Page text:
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Tag Archives: Montana Stockgrowers Association

Montana’s Global Reach

BY WALKER MILHOAN, YPC Leadership Board

Oro y Plata

Montana’s state motto represents the riches of this great land of the north. Montana has always been well versed in the pioneering spirit and that tradition continues today. Although the jetliner has replaced the covered wagon, the adventurous nature of the states’ inhabitants is continually taking them to the far reaches of the globe in search of making the job of growing food a bit more profitable, less cumbersome, and more interesting.

The Land Down Under…

945608_10151522406397849_974608673_nIf you haven’t met a rancher from Montana, just wait around a bit and it’s likely that you just might. From Russia to Africa to Australia, Montana’s beef sector has a grasp on nearly the entire world. 

Meet Karoline Rose, founder of Collegiate Stockgrowers at Montana State University. It could be argued that Karoline was the driving force behind the Collegiate Stockgrowers movement all across the country over the last year and a half. Karoline was recently in Australia where she worked on a large beef operation and learned the ways of cattle ranching from an upside-down perspective (that’s a hemispherical joke!).

“There is nothing better than a good set of neighbors.  Rural living here is very similar to the US and I love every minute of it.  We are knees deep in calves and yesterday Pete and Donna came over and tagged calves with us for 2 hours.  The 5 of us worked extremely hard and ended up tagging about 60 calves in 4 hours.  Without their help, we wouldn’t have even driven through every paddock.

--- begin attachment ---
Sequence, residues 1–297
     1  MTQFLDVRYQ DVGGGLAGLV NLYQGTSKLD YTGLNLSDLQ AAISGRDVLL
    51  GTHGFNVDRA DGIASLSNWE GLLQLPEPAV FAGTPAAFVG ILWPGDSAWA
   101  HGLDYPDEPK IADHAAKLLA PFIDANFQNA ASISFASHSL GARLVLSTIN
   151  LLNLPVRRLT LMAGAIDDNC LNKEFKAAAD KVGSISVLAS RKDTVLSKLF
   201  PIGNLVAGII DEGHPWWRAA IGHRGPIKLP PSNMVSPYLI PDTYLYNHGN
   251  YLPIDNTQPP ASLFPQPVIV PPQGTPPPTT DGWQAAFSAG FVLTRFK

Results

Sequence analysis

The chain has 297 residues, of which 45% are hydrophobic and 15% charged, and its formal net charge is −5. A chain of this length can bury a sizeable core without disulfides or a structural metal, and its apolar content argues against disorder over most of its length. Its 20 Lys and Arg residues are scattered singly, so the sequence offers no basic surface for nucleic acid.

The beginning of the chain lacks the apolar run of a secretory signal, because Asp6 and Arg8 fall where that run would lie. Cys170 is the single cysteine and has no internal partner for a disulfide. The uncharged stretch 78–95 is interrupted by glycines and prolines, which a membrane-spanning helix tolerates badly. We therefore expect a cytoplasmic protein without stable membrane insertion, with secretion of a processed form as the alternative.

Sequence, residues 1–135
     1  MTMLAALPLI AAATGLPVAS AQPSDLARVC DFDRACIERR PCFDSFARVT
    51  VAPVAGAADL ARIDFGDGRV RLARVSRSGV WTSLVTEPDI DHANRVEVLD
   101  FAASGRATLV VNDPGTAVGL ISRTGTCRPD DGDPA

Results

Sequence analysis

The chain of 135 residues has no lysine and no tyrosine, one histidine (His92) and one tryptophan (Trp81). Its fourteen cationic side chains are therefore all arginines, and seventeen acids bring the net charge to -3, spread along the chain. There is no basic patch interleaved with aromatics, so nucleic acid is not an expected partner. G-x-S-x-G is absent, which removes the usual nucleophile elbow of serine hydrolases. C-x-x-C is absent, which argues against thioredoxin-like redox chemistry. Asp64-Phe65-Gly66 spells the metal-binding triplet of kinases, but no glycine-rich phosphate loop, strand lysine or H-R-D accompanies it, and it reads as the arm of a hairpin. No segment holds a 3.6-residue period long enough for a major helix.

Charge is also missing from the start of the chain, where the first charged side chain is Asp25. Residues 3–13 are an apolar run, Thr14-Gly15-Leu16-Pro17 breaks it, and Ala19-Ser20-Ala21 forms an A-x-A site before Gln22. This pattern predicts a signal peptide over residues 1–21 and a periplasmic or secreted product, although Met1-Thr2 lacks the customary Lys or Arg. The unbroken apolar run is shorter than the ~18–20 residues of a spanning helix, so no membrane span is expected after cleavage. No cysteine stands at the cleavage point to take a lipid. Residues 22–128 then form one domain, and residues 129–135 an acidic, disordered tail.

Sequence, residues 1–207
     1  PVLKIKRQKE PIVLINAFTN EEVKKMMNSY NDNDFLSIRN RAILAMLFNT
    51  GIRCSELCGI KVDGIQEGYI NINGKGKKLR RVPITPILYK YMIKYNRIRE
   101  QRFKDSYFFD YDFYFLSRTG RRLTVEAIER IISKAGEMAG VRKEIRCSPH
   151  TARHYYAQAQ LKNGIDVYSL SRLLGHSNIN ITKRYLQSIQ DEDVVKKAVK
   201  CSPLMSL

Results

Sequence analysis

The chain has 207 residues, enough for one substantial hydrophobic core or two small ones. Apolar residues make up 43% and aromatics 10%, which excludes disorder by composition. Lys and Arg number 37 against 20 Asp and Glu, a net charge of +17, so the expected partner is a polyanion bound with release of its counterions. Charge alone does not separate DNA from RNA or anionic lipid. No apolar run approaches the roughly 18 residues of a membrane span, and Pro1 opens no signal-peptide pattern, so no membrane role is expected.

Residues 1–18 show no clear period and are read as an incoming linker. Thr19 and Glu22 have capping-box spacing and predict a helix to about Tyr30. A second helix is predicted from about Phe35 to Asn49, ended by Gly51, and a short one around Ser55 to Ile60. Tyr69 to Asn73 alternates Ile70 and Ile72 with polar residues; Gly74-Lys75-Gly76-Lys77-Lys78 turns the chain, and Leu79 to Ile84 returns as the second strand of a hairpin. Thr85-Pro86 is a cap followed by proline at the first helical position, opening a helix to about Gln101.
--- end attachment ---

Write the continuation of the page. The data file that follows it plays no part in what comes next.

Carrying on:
You can read more about Karoline’s adventures here.

…Up Above,

1064233_10200896252435849_796907344_oIn Russia, Amy Dellera and Jane’a Elke are helping the Stevenson Sputnik Ranch with Artificial Insemination efforts and getting a little taste of what life is like nearly 6,000 miles from the ranch gate. Russia has been a top destination for Montana’s seed stock producers, and since 2010 nearly 44 of the states’ ranchers have sold live cattle or genetics to Asia’s largest country, clearing nearly $20 million in sales.[1] If that isn’t exciting news, what is?

…and in the Middle!

1014806_10152915889065557_382700201_oOn the African front, yours truly has been to Ghana once already this summer and I will again be returning in August with my brother Trey. Both Trey and myself are undertaking Fellowships as part of Texas Christian University’s – Institute of Ranch Management in an effort to establish relations with Ghanaian businessmen, ranchers, and government officials for the purpose of building a demonstration ranch in the Lower Volta Region of coastal Ghana.

The ranch will be similar to a fully-functioning extension service here in the U.S., and local cattlemen will be able seek assistance, learn production techniques, build livestock budgets, plan grazing rotations, and much more, all through the ranches various fellows that will be attending on a yearly basis. The Institute also plans to send various industry professionals to Ghana with the purpose of providing much needed advice on things such as animal health, genetics, pest control and more.

Back to Montana

So once again, if you haven’t met someone from Montana, wait around for a while and you likely will. As you can see, Montana is representing industry players on a global front. These professionals recognize the the face of a changing global economy, and the importance that will have in the future to the ranchers at home.

 

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How did I ever…From the farm to newspapers

BY JACKSON BOLSTAD

The University of Montana, home of the Grizzlies and a far from likely place anyone ever though this farm kid would ever end up.  But, here I reside as a student and community member of UM and Missoula.